Several dozen Finns have not been allowed into the Russian Federation at the border crossings of Torfyanovka-Vaalimaa and Brusnichnoye-Nuyamaa since May 11, according to the Finnish newspaper Helsingin Sanomat. Usually, Finns living near the border travel to Russia for gas stations and shops.
A resident of the Kymenlaakso region told reporters that on the morning of May 12 he went towards Vyborg to refuel and buy something in a store. The Russian border guards asked him for documents, and then gave him the forms of the questionnaire. In it, the Finn had to indicate his address, telephone number and destination in the Russian Federation.
In addition, the man had to write who issued him a Russian visa. He indicated that he had obtained it from the Finnish visa company. At the same time, due to ignorance of the Russian language, he could not correctly write the name of the inviting party – the Moscow company.
“I could not write the name of the inviter correctly, because I do not know the Russian language,” said the Finn.
As a result, his passport was returned to him, but the visa in it was canceled by the border control of the FSB in the Leningrad region. Before that, the Finn was in Russia literally a day before – and everything went without problems.
A similar situation occurred at the Torfyanovka-Vaalimaa border crossing. Three Finnish citizens had their visas revoked and returned. At the same time, an Estonian crossing the border there was able to cross it, saying that he was going to the dentist in St. Petersburg. People with dual citizenship also crossed the Russian border without any problems. At the Brusnichnoye-Nuijamaa border crossing point, the FSB border guards did not revoke another Finn’s visa, but forced him to sign a document banning him from entering Russia, according to a HS article.
“We have noticed that some people have returned from Russia, but we are not collecting information about why the trip of individuals was not successful,” Jukka Lukkari, deputy head of the border guard of Southeast Finland, told reporters.
Usually, Finns traveled to Russia for domestic purposes using a business visa, the article says. The Russian Federation issued single-entry tourist visas to the Finns, and a trip to a gas station or a store “is not considered a business trip,” which is the basis for crossing the border on a business visa. However, until recently, Russian border guards “looked through their fingers” at such short-term voyages, writes HS.
The end of Allegro
After the imposition of EU sanctions against the Russian Federation against the backdrop of the outbreak of hostilities in Ukraine, Russian-Finnish border relations became more complicated. In March 2022, the Finnish side canceled Allegro high-speed trains running on the St. Petersburg-Helsinki route. In August, it became known that the Finnish state-owned railway operator VR had written off the entire rolling stock of Allegro trains.close 100% Stringer/Global Look Press
“The Group has written off all Allegro-related rolling stock and spare parts for the total amount of 45.4 million euros,” the company said in a statement.
The train made it possible to get from St. Petersburg to Helsinki or back in just a couple of hours.
The Moscow Arbitration Court ordered the Finnish VR Group and the train owner Allegro to continue to fulfill their obligations under the agreements on the organization of railway communication between Finland and Russia. The lawsuit was filed by the Russian Railways – Russian Railways. The court also recovered in favor of Russian Railways a court penalty in the amount of about 10.1 million rubles. The Russian side also, after the imposition of sanctions, stopped sending goods to Finland due to the impossibility of their acceptance by the Finnish customs.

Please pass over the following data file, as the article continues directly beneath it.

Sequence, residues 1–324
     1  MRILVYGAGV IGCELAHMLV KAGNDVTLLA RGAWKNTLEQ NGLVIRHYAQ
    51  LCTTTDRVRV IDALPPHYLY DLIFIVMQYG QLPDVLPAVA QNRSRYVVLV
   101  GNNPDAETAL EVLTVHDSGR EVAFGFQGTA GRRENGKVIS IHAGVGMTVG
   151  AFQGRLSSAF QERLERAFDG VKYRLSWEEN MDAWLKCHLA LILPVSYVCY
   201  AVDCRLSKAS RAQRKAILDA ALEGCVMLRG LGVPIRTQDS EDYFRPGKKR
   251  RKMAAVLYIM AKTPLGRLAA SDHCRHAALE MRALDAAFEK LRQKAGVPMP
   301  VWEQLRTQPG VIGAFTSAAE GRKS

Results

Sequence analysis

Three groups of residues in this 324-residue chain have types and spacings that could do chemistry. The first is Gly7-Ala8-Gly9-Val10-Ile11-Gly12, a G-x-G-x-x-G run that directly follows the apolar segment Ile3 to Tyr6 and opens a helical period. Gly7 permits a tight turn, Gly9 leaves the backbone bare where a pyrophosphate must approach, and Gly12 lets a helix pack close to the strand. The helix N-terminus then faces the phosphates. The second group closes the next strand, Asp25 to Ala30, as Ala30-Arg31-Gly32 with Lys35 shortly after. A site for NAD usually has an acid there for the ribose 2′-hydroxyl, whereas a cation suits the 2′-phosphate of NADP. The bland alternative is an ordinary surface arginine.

Smugglers and spies
“The huge increase in regulatory offenses is one of the most significant changes that have taken place in the past year,” the report says.
It is noted that the number of offenses due to sanctions, in respect of which a preliminary investigation was carried out, exceeded 300. At the same time, only a few cases per year were previously recorded. The Customs Administration noted that it detected 6,482 offenses in 2022, up 1,000 from a year earlier.
In addition, the Finnish Security Police (Supo) presented a report on the security situation in the country on March 30, 2023, which states that the number of Russian intelligence officers has halved in the past year.
“Last year, the Russian reconnaissance post was reduced to about half of its previous size,” Supo chief Antti Pelttari was quoted in the report as saying.
The expulsion of Russian intelligence officers and the denial of visas contributed to the reduction of the “Russian spy network”, as stated in the press release. Supo claims that the main tool of Russian intelligence was operations under diplomatic cover.
Consulates and a detour through Norway
Against this background, Finland began to close its consulates general in Russia. The consulate in Petrozavodsk was temporarily closed because “the number of tasks performed has been significantly reduced”, including the number of visa work. In January, the consulate in Murmansk was temporarily closed for a similar reason.
Since September 30 last year, Russians cannot enter Finland as tourists – but it is possible to cross the border with other types of visas. At the same time, in February, Yle reported that Finnish customs and border authorities cannot stop the flow of tourists from Russia who come to Finland for shopping.
Despite the ban on entry from the Russian Federation to Finland for tourism purposes, Russian tourists choose a longer, but absolutely legal route to get to Finnish shops – they cross the Russian-Norwegian border on a Schengen visa, since Norway has not introduced additional bans for Russian travelers. On the way back, tourists return in a short way – across the border of Finland and Russia.